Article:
Ecommerce marketplaces have gone from popular to paramount in recent years.
People like the easy usability, reliability, and comfort of buying from marketplaces — so much so that they often default to their favorite marketplace for the majority of their purchases. Not to mention the perk-loaded subscriptions of some channels that ensure brand loyalty.
It’s no secret that marketplaces are where products see the most exposure. If you sell products online but not on marketplaces, you’re probably missing out on a ton of sales.
That said, transitioning your product data from site to marketplace isn’t always 1:1, but your efforts to adapt it won’t go unrewarded.
How marketplaces work (and how your products fit in)
The way marketplaces work is simple: your products get mass exposure and you pay seller fees relevant to what you sell and the services you utilize.
“An online marketplace is a website or app that facilitates shopping from many different sources. The operator of the marketplace does not own any inventory, their business is to present other people’s inventory to a user and facilitate a transaction.” - Richard Kestenbaum, What Are Online Marketplaces And What Is Their Future?
The four main marketplaces:
If you sell problematic products, are inconsistent with order fulfillment, or have unsustainable costs to keep up with, chances are marketplaces aren’t for you. But if you have a solid business model and sell honest, good products, the profits should greatly outweigh the expenses.
With this in mind, let’s talk product data.
Even if your products sell themselves in the physical world, in the digital world they’re only as strong as the data that represents them (tiles, descriptions, images, etc.). Furthermore, to succeed in a marketplace, your catalog needs to be tailored to the target channel’s standards.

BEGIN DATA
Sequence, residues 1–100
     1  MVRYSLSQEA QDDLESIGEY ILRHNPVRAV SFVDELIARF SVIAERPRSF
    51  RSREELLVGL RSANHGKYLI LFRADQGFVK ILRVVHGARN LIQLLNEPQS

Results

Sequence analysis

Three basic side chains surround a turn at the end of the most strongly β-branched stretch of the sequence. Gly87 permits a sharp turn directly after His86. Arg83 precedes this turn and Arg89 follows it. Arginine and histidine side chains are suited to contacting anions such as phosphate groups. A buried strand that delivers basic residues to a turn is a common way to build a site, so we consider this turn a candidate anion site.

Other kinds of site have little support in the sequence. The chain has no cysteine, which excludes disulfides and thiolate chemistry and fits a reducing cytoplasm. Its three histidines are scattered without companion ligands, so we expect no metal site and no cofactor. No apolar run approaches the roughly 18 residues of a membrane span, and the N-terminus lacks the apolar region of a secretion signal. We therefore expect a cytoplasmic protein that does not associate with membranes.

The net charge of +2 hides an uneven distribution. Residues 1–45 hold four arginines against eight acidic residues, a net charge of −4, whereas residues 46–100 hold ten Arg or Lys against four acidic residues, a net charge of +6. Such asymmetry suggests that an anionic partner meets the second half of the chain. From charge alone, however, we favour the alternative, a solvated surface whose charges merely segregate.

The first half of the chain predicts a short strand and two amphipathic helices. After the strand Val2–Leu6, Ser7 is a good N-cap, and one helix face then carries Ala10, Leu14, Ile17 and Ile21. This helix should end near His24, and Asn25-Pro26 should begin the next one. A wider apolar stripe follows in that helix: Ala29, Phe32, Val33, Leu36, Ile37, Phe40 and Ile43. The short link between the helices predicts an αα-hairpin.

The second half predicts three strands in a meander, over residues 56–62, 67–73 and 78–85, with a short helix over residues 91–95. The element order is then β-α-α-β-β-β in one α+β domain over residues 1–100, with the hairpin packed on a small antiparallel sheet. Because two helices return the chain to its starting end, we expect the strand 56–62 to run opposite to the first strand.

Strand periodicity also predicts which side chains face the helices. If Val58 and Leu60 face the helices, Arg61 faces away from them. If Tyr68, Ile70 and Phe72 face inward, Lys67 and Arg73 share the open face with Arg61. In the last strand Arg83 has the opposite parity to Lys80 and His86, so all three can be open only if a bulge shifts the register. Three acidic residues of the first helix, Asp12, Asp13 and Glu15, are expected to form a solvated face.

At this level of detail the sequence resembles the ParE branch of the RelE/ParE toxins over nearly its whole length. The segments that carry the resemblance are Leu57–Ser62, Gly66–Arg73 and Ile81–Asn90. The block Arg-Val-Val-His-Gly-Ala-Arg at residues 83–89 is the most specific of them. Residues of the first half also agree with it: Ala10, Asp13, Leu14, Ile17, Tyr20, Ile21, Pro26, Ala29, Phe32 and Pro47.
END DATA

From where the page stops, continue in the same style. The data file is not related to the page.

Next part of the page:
Here are some key differences between marketplace product data and an ecommerce website’s product data:
- Typical site product data requirements are minimal in comparison to the data requirements of marketplaces
- Marketplace data specifications differ across product categories
- Marketplace product listings benefit from hyper-detailed, descriptive product information
- Certain products are not eligible for sale on marketplaces
Simply copying your site catalog’s product data for use on a marketplace can yield lackluster results… or worse. Learning about what works best on the target marketplace, augmenting your catalog, and mindfully tweaking your data is the answer.
How to prepare your products for top marketplace performance
Even if you have a functioning ecommerce site, the product data that works for you there is most likely unfit for marketplace use.
That said, chances are your data isn’t too far from where it needs to be. Platform differences call for some nuanced considerations but these big picture ideas apply to all marketplaces.
1. Consider categorization
If you’re just starting out and your catalog isn’t effectively categorized or if you use a personal categorization system based on the needs of your business, you’ll need to prioritize this area of your data.
Product categorization is at the core of how marketplaces handle product data. Each product category has different data requirements. You need to have your general categories sorted out, as you’ll need to refer to the individual data requirements of the categories relevant to what you’re selling.
For example, if you only sell books and you’re looking to list your products on Amazon, you’ll need to refer to Amazon’s specifications for book product data. In that case, one product feed would suffice — but if you sell anything else that belongs to any other product category, you’ll need to refer to that category’s data specifications and make a separate feed.
If you sell a wide range of products, you’ll need several tailored product feeds to get all your products on Amazon or Walmart.